SAN FRANCISCO—Chip maker Texas Instruments Inc. said Monday (July 25) that two semiconductor fabs damaged in the March 11 earthquake in Japan resumed production ahead of schedule as the company reported second quarter results that beat analysts' expectations.
"In the quarter, we also resumed production ahead of schedule at our Japan factories that were damaged in the earthquake, thanks to excellent work by our teams on the ground," said Rich Templeton, TI's chairman, president and CEO, in a statement.
TI's Japanese fabs in Aizu-wakamatsu and Miho were idled in the aftermath of the quake. The Miho fab suffered substantial damage. The Aizu-wakamatsu was expected to resume production in April, but TI said at the time that the Miho fab wouldn't be back to full production until the middle of this month.
TI's Miho fab was believed to be the last fab still idled from the March 11 earthquake and tsunami, with the exception of a Freescale Semiconductor Inc. fab in Sendai, Japan, (the closest fab to the quake's epicenter) which the Freescale decided not to reopen.
TI also announced that its pending $6.5 billion acquisition of National Semiconductor Corp. has cleared all antitrust reviews with the exception of China, which is underway. The company said it continues to expect the transaction to close before the end of the year.
"We look forward to welcoming the people of National Semiconductor and to expanding the portfolio of unique products we can offer our Analog customers," Templeton said.
TI (Dallas) reported second quarter sales of $3.46 billion, up 2 percent from the previous quarter and down 1 percent from the second quarter of 2010. The company reported a net income of $672 million, or 56 cents per share up 1 percent from the previous quarter but down 13 percent compared with the year-ago quarter.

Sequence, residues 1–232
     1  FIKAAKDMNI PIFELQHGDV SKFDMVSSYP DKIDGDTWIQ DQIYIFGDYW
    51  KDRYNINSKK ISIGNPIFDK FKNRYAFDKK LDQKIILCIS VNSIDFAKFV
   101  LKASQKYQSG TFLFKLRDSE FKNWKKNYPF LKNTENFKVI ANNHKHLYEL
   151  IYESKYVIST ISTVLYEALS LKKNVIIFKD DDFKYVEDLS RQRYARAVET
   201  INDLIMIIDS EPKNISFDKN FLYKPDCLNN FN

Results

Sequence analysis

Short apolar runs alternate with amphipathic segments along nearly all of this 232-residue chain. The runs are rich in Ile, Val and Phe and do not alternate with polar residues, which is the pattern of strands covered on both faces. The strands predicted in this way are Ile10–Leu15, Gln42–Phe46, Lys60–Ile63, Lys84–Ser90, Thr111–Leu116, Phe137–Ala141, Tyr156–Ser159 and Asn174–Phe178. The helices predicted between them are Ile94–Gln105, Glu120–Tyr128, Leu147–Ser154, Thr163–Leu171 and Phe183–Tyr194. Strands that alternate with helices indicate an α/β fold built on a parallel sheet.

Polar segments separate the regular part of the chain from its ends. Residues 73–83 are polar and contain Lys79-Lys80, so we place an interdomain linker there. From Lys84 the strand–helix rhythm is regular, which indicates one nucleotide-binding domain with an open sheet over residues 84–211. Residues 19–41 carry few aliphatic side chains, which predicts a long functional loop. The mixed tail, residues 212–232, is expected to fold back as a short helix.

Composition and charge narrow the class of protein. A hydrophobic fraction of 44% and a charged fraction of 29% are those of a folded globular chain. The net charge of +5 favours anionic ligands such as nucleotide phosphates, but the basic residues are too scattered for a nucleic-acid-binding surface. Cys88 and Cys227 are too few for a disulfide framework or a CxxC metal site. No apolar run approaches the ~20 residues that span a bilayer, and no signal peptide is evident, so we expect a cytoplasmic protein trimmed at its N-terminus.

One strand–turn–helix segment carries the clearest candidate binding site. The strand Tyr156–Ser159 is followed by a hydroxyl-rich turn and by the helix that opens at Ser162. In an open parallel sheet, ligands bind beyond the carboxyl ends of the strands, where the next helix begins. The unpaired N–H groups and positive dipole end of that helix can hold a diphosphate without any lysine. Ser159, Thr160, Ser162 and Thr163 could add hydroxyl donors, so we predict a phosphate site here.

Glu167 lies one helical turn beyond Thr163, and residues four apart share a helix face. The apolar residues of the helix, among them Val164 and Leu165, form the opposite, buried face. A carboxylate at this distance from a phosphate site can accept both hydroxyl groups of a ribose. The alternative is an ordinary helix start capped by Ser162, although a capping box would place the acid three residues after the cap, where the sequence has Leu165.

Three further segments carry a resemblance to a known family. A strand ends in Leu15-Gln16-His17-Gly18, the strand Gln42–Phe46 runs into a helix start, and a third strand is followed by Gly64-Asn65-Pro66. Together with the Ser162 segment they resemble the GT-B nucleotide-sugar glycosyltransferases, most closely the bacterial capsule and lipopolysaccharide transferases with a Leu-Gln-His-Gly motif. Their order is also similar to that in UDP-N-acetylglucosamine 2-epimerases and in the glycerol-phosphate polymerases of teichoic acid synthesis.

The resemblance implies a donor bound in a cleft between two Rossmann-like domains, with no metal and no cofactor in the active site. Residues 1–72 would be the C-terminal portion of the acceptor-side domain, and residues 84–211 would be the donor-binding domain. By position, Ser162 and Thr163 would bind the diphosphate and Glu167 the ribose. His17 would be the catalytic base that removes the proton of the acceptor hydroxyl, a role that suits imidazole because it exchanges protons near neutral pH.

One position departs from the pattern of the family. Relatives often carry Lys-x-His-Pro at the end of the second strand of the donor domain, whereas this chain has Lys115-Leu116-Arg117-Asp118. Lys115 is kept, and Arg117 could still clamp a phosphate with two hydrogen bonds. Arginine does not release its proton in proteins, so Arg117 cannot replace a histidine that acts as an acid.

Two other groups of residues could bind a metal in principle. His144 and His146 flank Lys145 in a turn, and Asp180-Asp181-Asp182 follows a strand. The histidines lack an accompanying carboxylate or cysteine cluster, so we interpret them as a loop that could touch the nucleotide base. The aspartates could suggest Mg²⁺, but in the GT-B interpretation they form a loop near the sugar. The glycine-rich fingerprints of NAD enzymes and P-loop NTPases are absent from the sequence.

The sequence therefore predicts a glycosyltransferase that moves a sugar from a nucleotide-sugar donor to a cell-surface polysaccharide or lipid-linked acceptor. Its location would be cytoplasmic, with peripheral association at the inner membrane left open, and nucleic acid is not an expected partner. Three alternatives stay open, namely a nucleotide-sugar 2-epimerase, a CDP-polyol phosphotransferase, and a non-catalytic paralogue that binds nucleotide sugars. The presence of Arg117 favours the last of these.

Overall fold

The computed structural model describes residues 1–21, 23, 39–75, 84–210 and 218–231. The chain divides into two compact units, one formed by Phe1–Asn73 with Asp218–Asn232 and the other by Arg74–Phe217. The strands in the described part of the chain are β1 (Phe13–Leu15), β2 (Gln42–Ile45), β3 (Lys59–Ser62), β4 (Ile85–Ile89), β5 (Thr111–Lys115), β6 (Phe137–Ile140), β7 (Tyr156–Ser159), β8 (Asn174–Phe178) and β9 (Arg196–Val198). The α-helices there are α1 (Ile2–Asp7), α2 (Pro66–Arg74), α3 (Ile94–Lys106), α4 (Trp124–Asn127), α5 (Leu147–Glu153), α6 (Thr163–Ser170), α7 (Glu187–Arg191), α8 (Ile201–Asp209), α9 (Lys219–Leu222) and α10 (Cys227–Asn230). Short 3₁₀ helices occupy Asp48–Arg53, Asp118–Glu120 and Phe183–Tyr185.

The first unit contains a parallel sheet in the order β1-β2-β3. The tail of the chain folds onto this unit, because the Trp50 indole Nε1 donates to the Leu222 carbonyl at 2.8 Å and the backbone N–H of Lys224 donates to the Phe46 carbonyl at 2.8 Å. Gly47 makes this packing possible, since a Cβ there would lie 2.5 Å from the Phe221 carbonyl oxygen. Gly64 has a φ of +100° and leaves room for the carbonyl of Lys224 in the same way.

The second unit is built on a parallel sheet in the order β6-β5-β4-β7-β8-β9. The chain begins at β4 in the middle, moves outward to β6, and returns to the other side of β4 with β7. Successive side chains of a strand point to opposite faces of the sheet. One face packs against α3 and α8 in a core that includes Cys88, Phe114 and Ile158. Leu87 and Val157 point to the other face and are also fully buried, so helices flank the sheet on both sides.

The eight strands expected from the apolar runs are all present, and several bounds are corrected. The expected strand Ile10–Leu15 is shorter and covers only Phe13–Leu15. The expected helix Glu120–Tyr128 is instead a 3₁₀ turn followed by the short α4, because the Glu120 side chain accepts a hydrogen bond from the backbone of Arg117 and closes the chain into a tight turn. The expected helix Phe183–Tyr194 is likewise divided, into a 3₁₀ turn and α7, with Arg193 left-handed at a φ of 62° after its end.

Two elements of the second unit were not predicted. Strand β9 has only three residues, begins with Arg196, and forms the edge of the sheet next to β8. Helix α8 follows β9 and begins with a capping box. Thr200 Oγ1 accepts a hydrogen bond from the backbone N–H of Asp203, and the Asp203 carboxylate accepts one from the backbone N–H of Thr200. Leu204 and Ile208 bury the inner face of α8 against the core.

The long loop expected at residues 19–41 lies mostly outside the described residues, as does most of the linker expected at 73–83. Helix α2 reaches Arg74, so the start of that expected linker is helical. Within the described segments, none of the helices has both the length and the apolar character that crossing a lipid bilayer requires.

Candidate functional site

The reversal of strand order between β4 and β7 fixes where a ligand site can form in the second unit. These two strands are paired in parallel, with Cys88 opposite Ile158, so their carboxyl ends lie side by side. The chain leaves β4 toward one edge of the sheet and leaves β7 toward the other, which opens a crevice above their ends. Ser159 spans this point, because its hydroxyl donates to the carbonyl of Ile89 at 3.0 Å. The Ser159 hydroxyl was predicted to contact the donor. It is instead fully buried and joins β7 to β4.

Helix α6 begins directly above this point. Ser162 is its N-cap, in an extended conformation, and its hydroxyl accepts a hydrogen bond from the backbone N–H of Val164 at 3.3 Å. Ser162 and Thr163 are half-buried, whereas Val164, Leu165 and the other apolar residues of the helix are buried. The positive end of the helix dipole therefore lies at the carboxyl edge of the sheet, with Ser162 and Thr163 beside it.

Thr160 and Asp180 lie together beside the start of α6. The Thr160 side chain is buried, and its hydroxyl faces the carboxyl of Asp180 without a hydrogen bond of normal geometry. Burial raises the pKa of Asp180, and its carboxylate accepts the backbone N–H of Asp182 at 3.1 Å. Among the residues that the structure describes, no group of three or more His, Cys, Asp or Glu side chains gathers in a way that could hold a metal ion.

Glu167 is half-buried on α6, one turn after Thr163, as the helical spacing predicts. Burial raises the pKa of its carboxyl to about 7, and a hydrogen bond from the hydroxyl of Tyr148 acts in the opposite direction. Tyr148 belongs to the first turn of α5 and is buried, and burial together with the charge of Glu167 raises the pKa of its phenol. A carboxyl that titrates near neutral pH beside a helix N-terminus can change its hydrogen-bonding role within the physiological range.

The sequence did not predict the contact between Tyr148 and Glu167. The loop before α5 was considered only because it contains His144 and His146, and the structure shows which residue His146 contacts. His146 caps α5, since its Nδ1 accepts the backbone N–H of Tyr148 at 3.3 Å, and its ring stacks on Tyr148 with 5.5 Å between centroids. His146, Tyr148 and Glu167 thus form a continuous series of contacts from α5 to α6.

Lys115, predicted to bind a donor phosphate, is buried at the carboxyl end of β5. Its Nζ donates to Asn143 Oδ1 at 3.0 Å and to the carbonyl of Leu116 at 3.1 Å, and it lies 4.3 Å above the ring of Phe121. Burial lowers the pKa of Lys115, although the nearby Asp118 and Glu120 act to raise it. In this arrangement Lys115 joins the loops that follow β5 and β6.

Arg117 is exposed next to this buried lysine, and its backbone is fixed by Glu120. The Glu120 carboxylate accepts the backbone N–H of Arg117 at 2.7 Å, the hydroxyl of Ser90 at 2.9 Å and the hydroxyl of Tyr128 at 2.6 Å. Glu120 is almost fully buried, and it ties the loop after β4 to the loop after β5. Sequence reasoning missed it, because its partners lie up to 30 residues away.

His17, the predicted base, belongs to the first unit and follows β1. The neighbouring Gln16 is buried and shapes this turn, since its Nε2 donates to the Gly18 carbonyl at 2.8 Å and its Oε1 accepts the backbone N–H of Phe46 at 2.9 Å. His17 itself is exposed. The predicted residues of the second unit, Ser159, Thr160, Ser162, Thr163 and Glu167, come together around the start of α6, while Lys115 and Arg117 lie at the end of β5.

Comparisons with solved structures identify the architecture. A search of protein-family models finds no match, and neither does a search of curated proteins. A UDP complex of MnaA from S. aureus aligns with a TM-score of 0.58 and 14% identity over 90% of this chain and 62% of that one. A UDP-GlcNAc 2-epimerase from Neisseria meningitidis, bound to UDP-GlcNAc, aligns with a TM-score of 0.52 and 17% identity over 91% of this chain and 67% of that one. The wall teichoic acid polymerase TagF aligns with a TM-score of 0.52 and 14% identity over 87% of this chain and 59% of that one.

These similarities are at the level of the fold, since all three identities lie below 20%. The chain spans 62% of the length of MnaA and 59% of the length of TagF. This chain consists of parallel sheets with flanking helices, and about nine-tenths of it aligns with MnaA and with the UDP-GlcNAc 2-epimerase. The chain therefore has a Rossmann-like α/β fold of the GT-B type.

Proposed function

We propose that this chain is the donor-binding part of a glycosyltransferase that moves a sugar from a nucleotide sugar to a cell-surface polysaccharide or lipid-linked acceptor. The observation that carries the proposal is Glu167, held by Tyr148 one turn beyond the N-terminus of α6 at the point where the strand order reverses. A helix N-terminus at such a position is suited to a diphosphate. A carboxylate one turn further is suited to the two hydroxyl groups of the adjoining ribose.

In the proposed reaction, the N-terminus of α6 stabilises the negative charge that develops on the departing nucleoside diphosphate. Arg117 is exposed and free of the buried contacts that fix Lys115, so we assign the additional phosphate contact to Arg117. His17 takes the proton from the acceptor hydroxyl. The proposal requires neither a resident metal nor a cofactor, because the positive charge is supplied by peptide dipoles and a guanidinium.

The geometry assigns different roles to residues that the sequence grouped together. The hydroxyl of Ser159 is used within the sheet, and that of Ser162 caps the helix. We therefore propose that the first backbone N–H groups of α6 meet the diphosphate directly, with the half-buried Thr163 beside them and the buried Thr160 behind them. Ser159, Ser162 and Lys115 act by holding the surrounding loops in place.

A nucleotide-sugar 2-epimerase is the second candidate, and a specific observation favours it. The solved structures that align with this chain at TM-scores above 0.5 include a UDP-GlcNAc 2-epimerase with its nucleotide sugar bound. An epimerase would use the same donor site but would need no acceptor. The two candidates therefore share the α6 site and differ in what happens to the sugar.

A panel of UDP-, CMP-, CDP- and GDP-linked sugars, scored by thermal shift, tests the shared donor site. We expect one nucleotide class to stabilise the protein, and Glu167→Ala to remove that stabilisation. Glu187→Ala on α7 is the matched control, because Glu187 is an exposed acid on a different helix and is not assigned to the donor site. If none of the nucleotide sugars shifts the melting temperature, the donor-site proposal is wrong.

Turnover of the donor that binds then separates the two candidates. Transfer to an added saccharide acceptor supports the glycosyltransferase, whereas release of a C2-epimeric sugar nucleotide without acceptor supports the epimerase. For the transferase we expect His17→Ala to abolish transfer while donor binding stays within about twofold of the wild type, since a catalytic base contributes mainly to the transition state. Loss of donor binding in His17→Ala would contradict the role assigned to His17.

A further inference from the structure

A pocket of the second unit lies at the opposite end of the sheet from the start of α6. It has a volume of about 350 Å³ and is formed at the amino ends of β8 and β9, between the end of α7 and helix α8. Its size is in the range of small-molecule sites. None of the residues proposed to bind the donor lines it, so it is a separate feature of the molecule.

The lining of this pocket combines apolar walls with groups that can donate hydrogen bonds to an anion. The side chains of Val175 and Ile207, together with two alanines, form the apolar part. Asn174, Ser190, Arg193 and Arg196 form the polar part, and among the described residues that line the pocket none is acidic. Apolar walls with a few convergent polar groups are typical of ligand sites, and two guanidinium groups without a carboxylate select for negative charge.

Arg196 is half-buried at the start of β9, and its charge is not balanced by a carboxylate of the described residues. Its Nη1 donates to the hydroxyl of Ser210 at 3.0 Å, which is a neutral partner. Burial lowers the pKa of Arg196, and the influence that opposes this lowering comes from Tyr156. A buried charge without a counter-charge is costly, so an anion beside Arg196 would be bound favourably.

Consensus analysts' expectations had called for TI to report sales of $3.44 billion and earnings of 53 cents per share, according to Yahoo Finance.
Sequential revenue growth was driven by 12 percent growth in embedded processing products and 3 percent growth in analog products, TI said. The company believes it gained market share in both segments, according to Templeton.
Templeton said TI expects modest sequential growth in the third quarter, but that a combination of factors make the outlook for the quarter less clear than usual.
Kevin March, TI's senior vice president and chief financial officer, said the company expects revenue for the third quarter of between $3.4 billion and $3.7 billion, a sequential change of down 2 percent to up 7 percent.
"Management cited macroeconomic uncertainty in computing and consumer as driving more conservative guidance than typical," said Craig Berger, an analyst with FBR Capital Markets, in a report circulated Thursday. "We think management gave conservative guidance that TI may ultimately beat in three months, perhaps giving investors confidence that this is the 'bottom' for chip stocks and fundamentals."
Berger maintained FBR's "outperform" rating on TI's stock, but cut its target price on TI's stock to $36 from $39.
Bobby Burleson, an analyst with Canaccord Genuity, said in a separate report that analog IC sales are tracking poorly so far in the third quarter for PCs and consumer electronics, a potential issue for TI. "We believe sell-through trends in Asia are tracking well below normal seasonality early in Q3 and are likely to remain weak," Burleson said.